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To kick off the New Year, Equipment Finance Advisor visits with William Phelan, President of PayNet to gain an understanding of what may be in store for the equipment finance industry in 2015. In this Q&A, we elicited Phelan’s views on the impact the private company economy will have on overall equipment investment in 2015. 

Equipment Finance Advisor: According to the 2014 Q3 Small Business Credit Outlook by PayNet, sentiment among small business owners is improving. You’ve called this the “Great Normalization”. What primary economic factors are business owners seeing that are influencing this shift?

William Phelan:  By the Great Normalization, we are describing the shift from a fear based market to a normal risk taking market. This shift is hard because the scar tissue from the Great Recession remains. The U.S economy typically operates with greater risk met with greater reward. This wasn’t the case in 2010 and 2011 – which was an era of flight to quality and survival. We have finally moved into normal risk taking, which is healthy – meaning the psyche of the business owner and their level of optimism is becoming more positive. And the economic expansion is fanning out and participation is evident in more industry sectors and across more geographic areas of the U.S. We can see in the data that businesses are investing above the replacement cycle now.  They are moving into a phase of organic growth which is driven by demand for their goods and services.

Photo of William Phelan - President & Founder - PayNet, Inc.

EFA: How would you describe the financial condition of these companies today? Has the financial condition of these companies impacted where money is being invested?

Phelan: The financial health of private businesses is strong – as a matter of fact, we have never seen them stronger. Delinquencies are just above the all-time low – having reached 1.25% in October 2013. They are up about 10 BPs in November, but they’re still at relatively low levels. No one knows how much cash is on the balance sheets of these businesses, but what we do know is that they are finding it much easier to pay their bills and they are putting debt on the books for their investments. So the finances of small- and medium-sized companies are in good shape.

It’s important to remember that small company owners are a smart group. They don’t invest unless they are pretty certain about prospects for success. We see certain industries working to reduce their expenses when top line growth is not evident – driving a different form of investment. For example, manufacturing has not seen quite the lift experienced in other sectors. I was speaking with the CEO of a $50MM manufacturing company who told me his orders are down 6% year-over-year. But, over the past few years he has “right sized” his business to make money at this lower order level. Today he is investing 20% less in PP&E than he would if his business was experiencing growth. Because his orders are down, his best investment now is a solar panel system. So, while the top line isn’t growing, the company is addressing its expense structure by reducing its energy costs – in essence it is right sizing the business for this new economy, which is also part of the normalization.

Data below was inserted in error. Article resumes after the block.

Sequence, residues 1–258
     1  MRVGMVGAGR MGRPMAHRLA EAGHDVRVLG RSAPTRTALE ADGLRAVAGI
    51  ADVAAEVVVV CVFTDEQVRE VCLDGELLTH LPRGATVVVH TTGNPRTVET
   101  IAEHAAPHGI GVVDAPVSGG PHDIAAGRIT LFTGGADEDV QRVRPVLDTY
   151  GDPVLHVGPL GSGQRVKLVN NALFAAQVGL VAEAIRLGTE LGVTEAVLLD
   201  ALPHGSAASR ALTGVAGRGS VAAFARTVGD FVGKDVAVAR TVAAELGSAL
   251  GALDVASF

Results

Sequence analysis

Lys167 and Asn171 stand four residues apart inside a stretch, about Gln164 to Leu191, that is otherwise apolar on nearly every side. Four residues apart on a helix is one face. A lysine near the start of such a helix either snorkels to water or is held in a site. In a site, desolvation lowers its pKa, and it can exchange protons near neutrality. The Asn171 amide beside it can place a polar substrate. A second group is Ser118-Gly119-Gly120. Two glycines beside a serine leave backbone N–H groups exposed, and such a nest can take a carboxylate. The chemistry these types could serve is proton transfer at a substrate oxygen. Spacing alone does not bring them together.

EFA: The latest report indicates the Small Business Lending Index (SBLI) is “within striking distance” of its all-time high of 131.7 achieved in January 2007. Is it feasible the index could exceed the all-time high in 2015? If so, what does this mean for the equipment finance industry?

Phelan: GDP is up 35% since 2005. Meanwhile, investment as exhibited in the SBLI is up about 30%. There’s about a 5% gap in investment by these small businesses versus GDP.  These companies have been reluctant to invest, but there is a lot of pent up demand. We believe the GDP/SBLI gap will close and the amount of investment made by private companies through various forms of equipment financing will catch up with GDP on a relative basis. This is good news. There’s quite a bit of growth potential left in the U.S. equipment finance industry because these companies will invest at about an equivalency rate to GDP. So we see 2015 having very good potential for more originations.

EFA: Is the fact that we are in a period of slower growth in return for longer expansion truly a positive in terms of sustainability? Is this a healthier model?

Phelan: Regulators have put laws and rules in place to reduce credit risk. My view is these regulations are intended to reduce the likelihood of investment bubbles. My sense is that regulators are trying to maintain some level of control which dampens growth and could be viewed as bad news by some. One possible benefit is  greater longevity of the expansion – fewer booming times along with fewer busting times. We see it today in the data. We are in a low risk expansion phase – which means the delinquencies and default rates are very low while the equipment investment rate is double digit.  However, today’s low risk expansion phase is at a slower rate of growth than the same phase in 2005 and 2006. Whether it’s intentional by the regulators or not, I cannot comment, but it seems to me that when you put more controls in place, it will tend to dampen the availability of easy credit. This will tend to keep some pent up demand in place for capital. One side effect is a longer business cycle.